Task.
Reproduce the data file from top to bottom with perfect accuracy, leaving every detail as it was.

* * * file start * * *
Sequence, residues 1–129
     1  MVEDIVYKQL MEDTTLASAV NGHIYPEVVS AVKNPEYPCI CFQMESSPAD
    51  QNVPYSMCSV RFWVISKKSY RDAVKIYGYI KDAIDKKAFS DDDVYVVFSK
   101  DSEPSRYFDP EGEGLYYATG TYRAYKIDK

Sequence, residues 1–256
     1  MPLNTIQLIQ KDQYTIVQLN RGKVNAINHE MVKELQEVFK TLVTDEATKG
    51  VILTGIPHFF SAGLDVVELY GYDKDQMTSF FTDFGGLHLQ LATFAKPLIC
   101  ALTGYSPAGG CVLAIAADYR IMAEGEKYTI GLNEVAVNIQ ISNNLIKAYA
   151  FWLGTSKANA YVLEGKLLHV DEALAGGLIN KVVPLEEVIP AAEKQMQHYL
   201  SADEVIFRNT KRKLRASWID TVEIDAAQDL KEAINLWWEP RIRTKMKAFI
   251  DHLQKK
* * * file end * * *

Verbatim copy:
Sequence, residues 1–129
     1  MVEDIVYKQL MEDTTLASAV NGHIYPEVVS AVKNPEYPCI CFQMESSPAD
    51  QNVPYSMCSV RFWVISKKSY RDAVKIYGYI KDAIDKKAFS DDDVYVVFSK
   101  DSEPSRYFDP EGEGLYYATG TYRAYKIDK

Sequence, residues 1–256
     1  MPLNTIQLIQ KDQYTIVQLN RGKVNAINHE MVKELQEVFK TLVTDEATKG
    51  VILTGIPHFF SAGLDVVELY GYDKDQMTSF FTDFGGLHLQ LATFAKPLIC
   101  ALTGYSPAGG CVLAIAADYR IMAEGEKYTI GLNEVAVNIQ ISNNLIKAYA
   151  FWLGTSKANA YVLEGKLLHV DEALAGGLIN KVVPLEEVIP AAEKQMQHYL
   201  SADEVIFRNT KRKLRASWID TVEIDAAQDL KEAINLWWEP RIRTKMKAFI
   251  DHLQKK